Have the financial markets fallen in love with Trumponomics?

The cut in corporation tax would reduce the incentive to shuffle money offshore – countries that compete by having low corporation tax rates would suddenly find that advantage swept away. The playing field would be levelled towards the US

Hamish McRae@TheIndyBusiness
Saturday 19 November 2016 18:10
The US dollar is at a 13 year high
The US dollar is at a 13 year high

We were warned that were Donald Trump to become the President-elect, the financial markets would crash. Shares would slide; the dollar would plunge. Markets like stability and the one thing that his friends and foes would agree on is that The Donald would not bring stability. He promised many things, but continuity of policy was not one.

As we now know, these market predictions have been completely wrong. The Dow Jones reached a new peak last week and the dollar is at a 13-year high. Sure, bond yields rose, but under any other circumstances this would have been welcomed as a sign of a return to more normal financial conditions. In any case, they are still lower than they were a year ago.

So does this mean that finance has fallen in love with Trumponomics?

Well, perhaps not yet. No one knows much about it. We don’t yet have a Treasury secretary or any other financial appointments. We don’t know what bits of candidate Trump’s policy calls might be hardened into specific policy proposals. We don’t know what he could get through Congress. But – and this is a big but – there is a shift of mood taking place. Maybe, just maybe, his plans for the economy might turn out to be rather successful.

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There are three big policy shifts: a big fiscal boost from tax cuts and higher public spending, rolling back of regulations on energy and financial services, and trade controls.

The first could be huge. He has proposed cuts in personal taxes, with the headline top rate of income tax falling to 30 per cent. But maybe more important are the changes to corporation tax, with a cut to 15 per cent, and an amnesty on companies’ foreign balances that would allow, or perhaps require, them to be repatriated with a low tax charge – say 10 per cent.

These changes, with the support of the Republican majority in both houses of Congress, could come in very fast. Think of the effect. There would be a massive one-off flood of money into the US and out of the tax havens. The amnesty would be good news for the US taxpayer and dreadful news not only for the offshore financial centres but also for the accountants and lawyers who have devised these schemes. Suddenly Donald Trump and the European Commission would be singing the same tune, united in their efforts to make companies pay more tax.

The cut in corporation tax, coupled presumably with the closing of other loopholes, would further reduce the incentive to shuffle money offshore. Countries that compete by having low corporation tax rates, in particular Ireland with its 12.5 per cent rate, would suddenly find that advantage swept away. The playing field would be levelled towards the US. Indeed, Trumponomics would be setting a new global standard for corporate taxation.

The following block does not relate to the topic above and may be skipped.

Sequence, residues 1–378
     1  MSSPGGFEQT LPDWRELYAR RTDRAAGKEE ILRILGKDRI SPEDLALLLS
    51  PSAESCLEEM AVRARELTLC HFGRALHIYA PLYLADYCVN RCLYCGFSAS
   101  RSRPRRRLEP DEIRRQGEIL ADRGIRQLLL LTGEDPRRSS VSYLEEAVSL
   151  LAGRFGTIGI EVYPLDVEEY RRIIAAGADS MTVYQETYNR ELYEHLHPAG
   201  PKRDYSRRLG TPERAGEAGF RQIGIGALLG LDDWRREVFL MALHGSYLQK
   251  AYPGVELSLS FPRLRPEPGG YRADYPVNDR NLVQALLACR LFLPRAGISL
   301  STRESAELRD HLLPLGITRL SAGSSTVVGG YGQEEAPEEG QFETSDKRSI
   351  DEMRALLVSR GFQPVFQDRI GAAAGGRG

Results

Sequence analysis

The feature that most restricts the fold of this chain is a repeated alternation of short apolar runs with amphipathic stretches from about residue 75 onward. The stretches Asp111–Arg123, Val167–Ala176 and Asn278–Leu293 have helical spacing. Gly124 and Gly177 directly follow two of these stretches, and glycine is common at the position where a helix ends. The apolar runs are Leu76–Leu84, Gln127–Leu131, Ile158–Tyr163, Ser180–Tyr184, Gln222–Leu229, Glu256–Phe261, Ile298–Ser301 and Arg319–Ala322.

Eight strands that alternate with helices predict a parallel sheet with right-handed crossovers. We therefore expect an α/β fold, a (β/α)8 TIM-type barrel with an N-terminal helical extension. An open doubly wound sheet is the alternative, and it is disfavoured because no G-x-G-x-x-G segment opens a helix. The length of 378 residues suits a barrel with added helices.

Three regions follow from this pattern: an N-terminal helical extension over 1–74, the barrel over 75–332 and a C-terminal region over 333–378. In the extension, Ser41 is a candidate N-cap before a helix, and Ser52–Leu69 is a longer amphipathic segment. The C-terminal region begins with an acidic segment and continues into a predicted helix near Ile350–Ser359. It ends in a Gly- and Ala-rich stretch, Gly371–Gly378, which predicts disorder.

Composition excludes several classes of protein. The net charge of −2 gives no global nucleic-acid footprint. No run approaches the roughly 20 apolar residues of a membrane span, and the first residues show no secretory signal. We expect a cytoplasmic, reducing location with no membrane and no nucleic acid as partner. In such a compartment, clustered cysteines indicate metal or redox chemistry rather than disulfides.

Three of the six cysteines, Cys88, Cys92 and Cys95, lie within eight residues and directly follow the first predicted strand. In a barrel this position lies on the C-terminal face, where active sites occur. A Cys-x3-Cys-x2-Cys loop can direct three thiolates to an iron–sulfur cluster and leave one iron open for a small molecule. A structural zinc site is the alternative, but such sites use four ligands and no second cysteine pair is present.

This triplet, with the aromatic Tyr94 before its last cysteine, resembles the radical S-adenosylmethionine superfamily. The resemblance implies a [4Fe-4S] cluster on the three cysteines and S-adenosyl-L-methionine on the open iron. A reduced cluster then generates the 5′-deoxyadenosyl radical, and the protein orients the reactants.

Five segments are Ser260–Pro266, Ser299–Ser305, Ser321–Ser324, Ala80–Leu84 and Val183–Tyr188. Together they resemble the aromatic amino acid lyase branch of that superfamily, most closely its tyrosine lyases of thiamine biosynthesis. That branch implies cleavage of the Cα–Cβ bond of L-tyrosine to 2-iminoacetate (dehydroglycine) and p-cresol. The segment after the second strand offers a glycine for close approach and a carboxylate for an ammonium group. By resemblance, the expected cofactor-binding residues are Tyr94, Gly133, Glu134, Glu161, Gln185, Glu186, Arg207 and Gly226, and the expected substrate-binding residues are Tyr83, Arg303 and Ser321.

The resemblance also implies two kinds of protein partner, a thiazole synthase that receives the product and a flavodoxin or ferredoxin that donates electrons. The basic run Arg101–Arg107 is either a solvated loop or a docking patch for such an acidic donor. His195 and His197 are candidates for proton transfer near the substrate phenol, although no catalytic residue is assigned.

There would, however, be some cost to the Exchequer. As we learnt from Reaganomics in the 1980s, if you cut taxes you may get faster growth but you do get less revenue. Add in the additional spending that has been promised for infrastructure and other projects, the budget deficit will widen. That is one of the reasons why bond yields have risen. If Uncle Sam is going to borrow more money, he will pay a higher interest rate to do so. That, in turn, has been one of the forces pushing up the dollar. If dollar interest rates rise (and the markets are now convinced that the Federal Reserve will increase short-term rates again next month) the case for holding dollars rather than any other currency becomes even more compelling.

So that is why the dollar has gone up. What about shares? Faster growth would certainly help, but the bull case is further increased by the promise of relaxing regulation. High-tech shares have fallen but shares in basic commodities and banks have more than offset this decline. You can make a moral judgement about this, and many people are appalled by the prospect of looser curbs on pollution and looser controls on banks. But it is easy to see why large chunks of the business community are rather encouraged. I suppose the defence would be that regulation could become lighter but remain effective, if it were to become better engineered. We’ll see.

And the big negative, trade controls? I think here that US business, maybe wrongly, hopes that in practice the new President will be more cautious than he was in his campaigning. The harsh truth is that controls on trade with China and Mexico would make Americans poorer, not richer. And maybe, fingers crossed, it would be possible to create voluntary restrictions on Chinese and Mexican exports to the US, rather in the way that Japan restricted its exports in the 1980s in response to US warnings.

The big message here is that for the moment, at least, the world of finance is happy to see the US loosen fiscal policy. Now let’s see how it reacts to the loosening of UK financial policy in the Autumn Statement, which will be announced on Wednesday.

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